Swine Flu: Who's to Blame?

As I read about swine flu over the weekend, I was again disappointed by the media's coverage of zoonoses (diseases spread by animals to humans), something I've written about extensively in State of the World 2005 and Happier Meals: Rethinking the Global Meat Industry. While Andrew Revkin of The New York Times did mention in his blog the potential role of industrial livestock agriculture in the spread of zoonoses, like swine flu, most reporters are choosing to focus their attention on small farmers raising pigs in rural Mexico. Most articles have said nothing about the increasing size and intensity of pork production in that country-about half of the pigs raised in the country live on factory farms, with some located very close to cities.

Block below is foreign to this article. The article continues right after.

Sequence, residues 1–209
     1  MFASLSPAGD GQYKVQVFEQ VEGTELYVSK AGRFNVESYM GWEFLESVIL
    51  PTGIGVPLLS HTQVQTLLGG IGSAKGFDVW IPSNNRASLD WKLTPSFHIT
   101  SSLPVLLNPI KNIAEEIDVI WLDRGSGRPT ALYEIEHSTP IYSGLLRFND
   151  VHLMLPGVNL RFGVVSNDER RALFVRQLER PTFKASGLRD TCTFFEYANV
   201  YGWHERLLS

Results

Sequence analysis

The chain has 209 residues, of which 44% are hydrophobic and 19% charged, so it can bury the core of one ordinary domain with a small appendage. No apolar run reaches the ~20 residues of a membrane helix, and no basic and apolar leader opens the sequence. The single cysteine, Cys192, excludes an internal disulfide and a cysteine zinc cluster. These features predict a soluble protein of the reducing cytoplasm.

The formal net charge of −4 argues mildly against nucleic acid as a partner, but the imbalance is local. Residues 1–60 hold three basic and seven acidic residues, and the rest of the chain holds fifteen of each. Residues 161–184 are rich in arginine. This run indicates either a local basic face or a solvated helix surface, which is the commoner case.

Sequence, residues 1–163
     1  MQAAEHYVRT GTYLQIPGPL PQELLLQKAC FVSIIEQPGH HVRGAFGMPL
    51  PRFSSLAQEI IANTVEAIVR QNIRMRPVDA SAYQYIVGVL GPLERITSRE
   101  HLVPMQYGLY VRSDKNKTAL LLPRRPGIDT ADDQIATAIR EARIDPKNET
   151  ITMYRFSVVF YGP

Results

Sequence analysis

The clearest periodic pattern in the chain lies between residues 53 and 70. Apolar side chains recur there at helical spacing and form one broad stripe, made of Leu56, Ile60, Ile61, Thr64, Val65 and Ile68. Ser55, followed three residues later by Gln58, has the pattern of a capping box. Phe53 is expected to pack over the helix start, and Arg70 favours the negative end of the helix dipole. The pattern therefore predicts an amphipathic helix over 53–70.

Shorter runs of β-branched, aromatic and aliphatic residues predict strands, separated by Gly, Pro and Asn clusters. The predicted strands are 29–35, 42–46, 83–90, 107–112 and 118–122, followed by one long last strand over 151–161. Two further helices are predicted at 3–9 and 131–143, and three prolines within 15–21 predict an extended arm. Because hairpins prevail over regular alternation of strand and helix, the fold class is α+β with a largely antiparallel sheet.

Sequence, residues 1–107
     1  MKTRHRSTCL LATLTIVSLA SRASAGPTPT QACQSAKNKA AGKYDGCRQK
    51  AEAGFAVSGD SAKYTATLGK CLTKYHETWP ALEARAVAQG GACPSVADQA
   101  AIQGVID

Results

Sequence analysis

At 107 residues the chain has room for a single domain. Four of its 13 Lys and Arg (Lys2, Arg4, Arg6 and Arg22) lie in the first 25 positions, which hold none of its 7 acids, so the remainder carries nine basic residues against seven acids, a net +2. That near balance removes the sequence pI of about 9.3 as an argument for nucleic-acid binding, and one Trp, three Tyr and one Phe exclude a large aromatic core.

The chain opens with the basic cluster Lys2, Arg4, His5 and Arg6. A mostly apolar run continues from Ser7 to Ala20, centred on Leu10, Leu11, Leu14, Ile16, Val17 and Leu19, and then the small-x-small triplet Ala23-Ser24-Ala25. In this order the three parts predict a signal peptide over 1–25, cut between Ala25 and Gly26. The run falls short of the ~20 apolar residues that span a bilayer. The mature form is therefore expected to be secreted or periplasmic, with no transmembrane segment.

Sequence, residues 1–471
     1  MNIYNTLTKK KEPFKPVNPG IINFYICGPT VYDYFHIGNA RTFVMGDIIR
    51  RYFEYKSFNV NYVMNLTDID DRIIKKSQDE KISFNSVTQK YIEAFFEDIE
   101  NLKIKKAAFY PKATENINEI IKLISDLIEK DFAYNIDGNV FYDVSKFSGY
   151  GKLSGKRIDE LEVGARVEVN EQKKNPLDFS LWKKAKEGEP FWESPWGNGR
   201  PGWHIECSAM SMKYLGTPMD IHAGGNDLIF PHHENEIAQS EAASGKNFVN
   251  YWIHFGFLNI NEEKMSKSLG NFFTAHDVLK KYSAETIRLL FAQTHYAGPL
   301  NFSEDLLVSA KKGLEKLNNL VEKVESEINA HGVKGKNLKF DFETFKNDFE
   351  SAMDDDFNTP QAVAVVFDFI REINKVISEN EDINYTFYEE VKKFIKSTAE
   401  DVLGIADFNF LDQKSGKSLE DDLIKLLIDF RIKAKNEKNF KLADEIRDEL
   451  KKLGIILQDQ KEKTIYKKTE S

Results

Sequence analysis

Tom Philpott at Grist also points out that the connection between industrial pig operations and swine flu is being made in Mexico, but not here, something that became evident to me over the weekend. A member of the Mexican Congress wrote me message on Facebook (gotta love technology), asking me to come address a Congressional briefing on the meat industry's role in swine flu and other animal diseases that can spread from livestock to people. Too bad that policymakers in the United States aren't making the same links--yet.